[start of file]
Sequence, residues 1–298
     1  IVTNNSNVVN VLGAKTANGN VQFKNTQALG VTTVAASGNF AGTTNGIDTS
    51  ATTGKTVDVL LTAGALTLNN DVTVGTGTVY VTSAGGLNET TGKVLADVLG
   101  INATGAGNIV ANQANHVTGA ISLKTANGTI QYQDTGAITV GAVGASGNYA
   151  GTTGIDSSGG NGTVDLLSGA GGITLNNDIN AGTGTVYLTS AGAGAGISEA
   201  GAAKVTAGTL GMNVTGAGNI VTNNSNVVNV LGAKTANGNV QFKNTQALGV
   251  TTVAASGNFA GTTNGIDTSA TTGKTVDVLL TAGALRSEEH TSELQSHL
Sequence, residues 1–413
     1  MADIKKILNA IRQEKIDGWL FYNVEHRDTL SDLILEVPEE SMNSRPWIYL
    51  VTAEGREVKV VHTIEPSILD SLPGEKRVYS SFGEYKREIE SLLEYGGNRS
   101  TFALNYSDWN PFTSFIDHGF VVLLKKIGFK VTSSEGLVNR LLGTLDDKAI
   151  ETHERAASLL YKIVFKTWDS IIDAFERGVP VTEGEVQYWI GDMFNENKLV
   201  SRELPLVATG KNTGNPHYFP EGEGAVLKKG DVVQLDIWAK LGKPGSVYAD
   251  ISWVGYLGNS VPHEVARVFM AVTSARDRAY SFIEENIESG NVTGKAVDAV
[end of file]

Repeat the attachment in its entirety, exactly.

Sequence, residues 1–298
     1  IVTNNSNVVN VLGAKTANGN VQFKNTQALG VTTVAASGNF AGTTNGIDTS
    51  ATTGKTVDVL LTAGALTLNN DVTVGTGTVY VTSAGGLNET TGKVLADVLG
   101  INATGAGNIV ANQANHVTGA ISLKTANGTI QYQDTGAITV GAVGASGNYA
   151  GTTGIDSSGG NGTVDLLSGA GGITLNNDIN AGTGTVYLTS AGAGAGISEA
   201  GAAKVTAGTL GMNVTGAGNI VTNNSNVVNV LGAKTANGNV QFKNTQALGV
   251  TTVAASGNFA GTTNGIDTSA TTGKTVDVLL TAGALRSEEH TSELQSHL
Sequence, residues 1–413
     1  MADIKKILNA IRQEKIDGWL FYNVEHRDTL SDLILEVPEE SMNSRPWIYL
    51  VTAEGREVKV VHTIEPSILD SLPGEKRVYS SFGEYKREIE SLLEYGGNRS
   101  TFALNYSDWN PFTSFIDHGF VVLLKKIGFK VTSSEGLVNR LLGTLDDKAI
   151  ETHERAASLL YKIVFKTWDS IIDAFERGVP VTEGEVQYWI GDMFNENKLV
   201  SRELPLVATG KNTGNPHYFP EGEGAVLKKG DVVQLDIWAK LGKPGSVYAD
   251  ISWVGYLGNS VPHEVARVFM AVTSARDRAY SFIEENIESG NVTGKAVDAV